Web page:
You'll miss out on the music, but I'm working on a fix for that. Honest. Already got a DLL coded and everything. It plays BRSTM and OGG files like a dream. What's the hold up? I have to inject initialization routines into the game's initialization function. It's a tightly packed thing, so I have to throw out the few lines of code that just clear unused memory and replace it with something. For just the music hack, that's fine. Just throw the new code in some unused area (like the old Network code), make a jmp to that, and that's that. Cool.

    However, when it comes to adding custom characters with custom abilities and more polygons than the original (something I can't do just by changing out files), I have to dynamically allocate some memory large enough to fit all the models (the original was statically allocated to a certain size I can't change at all) and then replace every single reference to the old, static block of memory to the new dynamic block, which annoyingly is one byte larger so I have to shuffle code around and yeah... (I've counted 84 places I have to fix that. So far.)

    Plus, any change in character physics or abilities whatsoever requires a complete rewrite of the core physics routine to go and route actions and attribute modifiers to dedicated functions for each character. (By default it's a monolithic nightmare of nested if statements where each character is hardcoded in.) If I want to draw something new to the screen (a boost bar, perhaps), I've got to rewrite the entire HUD display code to allow for more code.

    ---

    Point is, hacking this game without a split disassembly is no fun, and doing all of that by hand with a hex editor is simply not possible. Instead, I've been working on a custom mod loader (with the super-original name "Sonic R Mod Loader", but it's by no means limited to that) that lets me compile C or ASM "patches" with GCC (or simply hand-code the hex), convert it into a "mod", and then install that mod. (The C/ASM functionality requires a Linux machine, fyi)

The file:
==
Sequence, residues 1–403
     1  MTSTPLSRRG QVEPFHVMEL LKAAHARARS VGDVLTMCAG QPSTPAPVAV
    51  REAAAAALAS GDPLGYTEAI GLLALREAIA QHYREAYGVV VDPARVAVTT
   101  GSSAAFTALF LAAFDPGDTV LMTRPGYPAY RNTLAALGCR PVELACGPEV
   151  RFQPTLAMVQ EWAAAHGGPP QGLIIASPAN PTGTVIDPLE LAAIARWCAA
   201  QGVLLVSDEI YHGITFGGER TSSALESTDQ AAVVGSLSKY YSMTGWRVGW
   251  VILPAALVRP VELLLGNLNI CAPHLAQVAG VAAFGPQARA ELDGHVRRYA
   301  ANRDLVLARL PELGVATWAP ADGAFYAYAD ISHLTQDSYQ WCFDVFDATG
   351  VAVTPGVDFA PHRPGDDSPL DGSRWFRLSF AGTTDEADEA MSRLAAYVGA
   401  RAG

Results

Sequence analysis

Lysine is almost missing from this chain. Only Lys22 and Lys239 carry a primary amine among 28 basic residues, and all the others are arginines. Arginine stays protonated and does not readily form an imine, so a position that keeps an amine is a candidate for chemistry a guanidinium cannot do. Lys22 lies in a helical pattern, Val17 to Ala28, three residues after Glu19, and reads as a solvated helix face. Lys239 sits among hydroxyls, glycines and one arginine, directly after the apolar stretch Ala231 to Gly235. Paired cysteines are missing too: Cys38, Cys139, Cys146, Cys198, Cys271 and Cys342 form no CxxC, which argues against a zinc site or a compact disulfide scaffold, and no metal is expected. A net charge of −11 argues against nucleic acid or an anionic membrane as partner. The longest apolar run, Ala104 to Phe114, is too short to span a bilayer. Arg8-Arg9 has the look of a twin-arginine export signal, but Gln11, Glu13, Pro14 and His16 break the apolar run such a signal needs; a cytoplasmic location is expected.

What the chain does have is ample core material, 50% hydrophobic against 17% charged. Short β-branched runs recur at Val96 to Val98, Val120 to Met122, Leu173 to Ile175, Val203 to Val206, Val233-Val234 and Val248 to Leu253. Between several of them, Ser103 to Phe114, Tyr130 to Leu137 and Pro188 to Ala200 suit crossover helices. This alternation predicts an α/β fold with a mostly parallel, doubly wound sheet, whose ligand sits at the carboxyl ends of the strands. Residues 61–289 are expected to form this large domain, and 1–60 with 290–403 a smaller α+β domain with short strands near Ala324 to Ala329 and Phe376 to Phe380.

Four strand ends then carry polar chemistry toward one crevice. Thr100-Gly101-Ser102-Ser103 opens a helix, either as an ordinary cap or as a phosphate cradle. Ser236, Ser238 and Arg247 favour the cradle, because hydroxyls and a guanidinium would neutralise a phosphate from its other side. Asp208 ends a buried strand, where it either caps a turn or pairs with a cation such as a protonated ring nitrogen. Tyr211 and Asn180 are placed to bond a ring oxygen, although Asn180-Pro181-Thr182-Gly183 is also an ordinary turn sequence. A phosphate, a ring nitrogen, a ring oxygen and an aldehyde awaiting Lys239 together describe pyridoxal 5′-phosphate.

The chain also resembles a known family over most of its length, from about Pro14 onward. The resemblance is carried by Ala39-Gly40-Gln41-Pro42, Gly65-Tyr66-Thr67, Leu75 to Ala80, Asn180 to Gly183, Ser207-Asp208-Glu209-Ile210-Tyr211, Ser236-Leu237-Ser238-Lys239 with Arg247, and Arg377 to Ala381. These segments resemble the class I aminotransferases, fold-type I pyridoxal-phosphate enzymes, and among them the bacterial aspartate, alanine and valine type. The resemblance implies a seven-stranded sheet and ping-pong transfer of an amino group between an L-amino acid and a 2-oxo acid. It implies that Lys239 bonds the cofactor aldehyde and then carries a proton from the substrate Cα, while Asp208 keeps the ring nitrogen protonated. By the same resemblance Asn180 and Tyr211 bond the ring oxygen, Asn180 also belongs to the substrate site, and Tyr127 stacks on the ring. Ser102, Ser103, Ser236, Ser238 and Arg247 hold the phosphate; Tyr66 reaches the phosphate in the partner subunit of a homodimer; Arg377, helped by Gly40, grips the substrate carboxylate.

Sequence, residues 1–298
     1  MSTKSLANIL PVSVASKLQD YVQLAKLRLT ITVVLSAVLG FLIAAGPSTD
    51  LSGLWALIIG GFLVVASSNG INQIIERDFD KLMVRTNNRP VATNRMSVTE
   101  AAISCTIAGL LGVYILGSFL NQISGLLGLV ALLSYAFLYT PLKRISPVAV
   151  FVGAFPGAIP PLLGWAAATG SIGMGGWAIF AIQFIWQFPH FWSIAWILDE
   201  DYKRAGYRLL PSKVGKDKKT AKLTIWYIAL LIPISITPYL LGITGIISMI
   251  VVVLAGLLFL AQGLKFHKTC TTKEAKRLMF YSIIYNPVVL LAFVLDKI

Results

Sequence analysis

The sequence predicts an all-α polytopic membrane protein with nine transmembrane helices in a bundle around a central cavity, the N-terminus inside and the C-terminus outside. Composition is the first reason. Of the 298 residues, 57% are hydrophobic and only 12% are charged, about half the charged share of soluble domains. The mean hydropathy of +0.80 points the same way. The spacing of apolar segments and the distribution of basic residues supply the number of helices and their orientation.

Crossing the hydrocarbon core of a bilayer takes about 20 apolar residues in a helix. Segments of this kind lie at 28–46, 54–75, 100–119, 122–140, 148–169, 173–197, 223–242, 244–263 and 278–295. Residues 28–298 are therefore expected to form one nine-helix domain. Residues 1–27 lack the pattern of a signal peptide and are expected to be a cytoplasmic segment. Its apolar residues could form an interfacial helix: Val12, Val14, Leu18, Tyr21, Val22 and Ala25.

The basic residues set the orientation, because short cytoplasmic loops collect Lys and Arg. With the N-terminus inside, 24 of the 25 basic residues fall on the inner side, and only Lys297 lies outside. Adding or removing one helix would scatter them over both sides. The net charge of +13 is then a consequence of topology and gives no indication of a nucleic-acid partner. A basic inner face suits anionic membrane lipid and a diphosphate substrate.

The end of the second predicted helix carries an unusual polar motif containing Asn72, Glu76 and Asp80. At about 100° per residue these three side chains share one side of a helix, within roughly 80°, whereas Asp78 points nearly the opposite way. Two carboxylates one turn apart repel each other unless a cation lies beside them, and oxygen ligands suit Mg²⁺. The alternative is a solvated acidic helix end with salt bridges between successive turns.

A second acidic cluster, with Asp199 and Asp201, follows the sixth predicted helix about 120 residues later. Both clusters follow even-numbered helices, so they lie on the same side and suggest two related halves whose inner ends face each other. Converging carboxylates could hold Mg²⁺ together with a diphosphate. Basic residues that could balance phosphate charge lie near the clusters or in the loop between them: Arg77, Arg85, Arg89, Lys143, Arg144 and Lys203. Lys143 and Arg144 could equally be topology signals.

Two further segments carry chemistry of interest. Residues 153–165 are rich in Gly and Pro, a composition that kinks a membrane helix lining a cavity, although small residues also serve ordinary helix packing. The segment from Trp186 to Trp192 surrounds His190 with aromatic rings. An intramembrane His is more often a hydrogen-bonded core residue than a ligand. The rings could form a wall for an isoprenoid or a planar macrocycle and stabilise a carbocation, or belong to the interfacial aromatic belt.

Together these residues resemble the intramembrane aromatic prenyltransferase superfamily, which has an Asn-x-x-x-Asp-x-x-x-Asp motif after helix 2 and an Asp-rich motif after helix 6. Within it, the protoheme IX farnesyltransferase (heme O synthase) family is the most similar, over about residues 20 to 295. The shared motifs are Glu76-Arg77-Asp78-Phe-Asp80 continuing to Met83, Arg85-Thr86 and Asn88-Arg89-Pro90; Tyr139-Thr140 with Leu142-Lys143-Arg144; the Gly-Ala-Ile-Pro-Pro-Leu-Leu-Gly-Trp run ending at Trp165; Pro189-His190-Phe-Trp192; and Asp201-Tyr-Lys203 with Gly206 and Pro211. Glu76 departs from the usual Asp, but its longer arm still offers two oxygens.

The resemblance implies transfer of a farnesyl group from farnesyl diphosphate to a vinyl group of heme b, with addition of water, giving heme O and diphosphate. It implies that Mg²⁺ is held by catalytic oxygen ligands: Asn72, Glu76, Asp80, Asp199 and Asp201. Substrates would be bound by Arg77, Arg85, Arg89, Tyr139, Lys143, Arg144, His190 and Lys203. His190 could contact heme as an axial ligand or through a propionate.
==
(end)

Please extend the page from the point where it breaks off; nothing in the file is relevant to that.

The "patches" (individual blocks of data or files) can reference other patches or "variables" (values set by a mod that can be updated my other mods) to determine where to patch and what should be patched there. For example, a mod for a character can have a patch that has a Jump function, and then another patch that registers that function (by inserting into a jump table) with an earlier mod that rewrites the physics code as described. Then, during execution, the game with the modified physics code can just use the jump table populated by all the other character mods to automatically go to the right subroutine.

    In addition, I can write these new functions in C and reference other functions either from other mods (or the base game, if you're fine dealing with old Watcom fastcall conventions which no compiler supports.) The base game functions (needed for library calls among other things) are provided by an external script that takes an IDC file from and IDA disassembly, finds every subroutine and named memory address, and copies it's locations to a "game definition file" that the mod loader later parses and sets up support for.

    What I'm saying is that it's neat and does a lot of cool things.

    ---

    Here's the manual for the mod loader
    if you want to get a taste. Note that this isn't final, but it's pretty close.